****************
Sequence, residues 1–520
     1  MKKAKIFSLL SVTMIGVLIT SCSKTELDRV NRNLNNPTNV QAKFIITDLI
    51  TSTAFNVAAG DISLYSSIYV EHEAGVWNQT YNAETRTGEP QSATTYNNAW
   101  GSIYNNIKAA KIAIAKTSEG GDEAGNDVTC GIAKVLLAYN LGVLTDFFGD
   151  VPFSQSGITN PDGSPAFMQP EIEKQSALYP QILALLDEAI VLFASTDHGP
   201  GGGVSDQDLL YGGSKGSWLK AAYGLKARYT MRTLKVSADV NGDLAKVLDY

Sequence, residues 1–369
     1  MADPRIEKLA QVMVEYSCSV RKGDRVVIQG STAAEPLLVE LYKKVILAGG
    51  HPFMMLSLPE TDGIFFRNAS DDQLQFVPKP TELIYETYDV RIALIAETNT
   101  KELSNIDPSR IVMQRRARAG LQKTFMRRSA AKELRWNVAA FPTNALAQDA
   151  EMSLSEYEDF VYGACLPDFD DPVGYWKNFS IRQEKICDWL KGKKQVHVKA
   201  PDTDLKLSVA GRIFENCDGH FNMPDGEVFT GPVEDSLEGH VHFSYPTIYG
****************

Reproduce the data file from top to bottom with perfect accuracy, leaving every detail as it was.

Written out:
Sequence, residues 1–520
     1  MKKAKIFSLL SVTMIGVLIT SCSKTELDRV NRNLNNPTNV QAKFIITDLI
    51  TSTAFNVAAG DISLYSSIYV EHEAGVWNQT YNAETRTGEP QSATTYNNAW
   101  GSIYNNIKAA KIAIAKTSEG GDEAGNDVTC GIAKVLLAYN LGVLTDFFGD
   151  VPFSQSGITN PDGSPAFMQP EIEKQSALYP QILALLDEAI VLFASTDHGP
   201  GGGVSDQDLL YGGSKGSWLK AAYGLKARYT MRTLKVSADV NGDLAKVLDY

Sequence, residues 1–369
     1  MADPRIEKLA QVMVEYSCSV RKGDRVVIQG STAAEPLLVE LYKKVILAGG
    51  HPFMMLSLPE TDGIFFRNAS DDQLQFVPKP TELIYETYDV RIALIAETNT
   101  KELSNIDPSR IVMQRRARAG LQKTFMRRSA AKELRWNVAA FPTNALAQDA
   151  EMSLSEYEDF VYGACLPDFD DPVGYWKNFS IRQEKICDWL KGKKQVHVKA
   201  PDTDLKLSVA GRIFENCDGH FNMPDGEVFT GPVEDSLEGH VHFSYPTIYG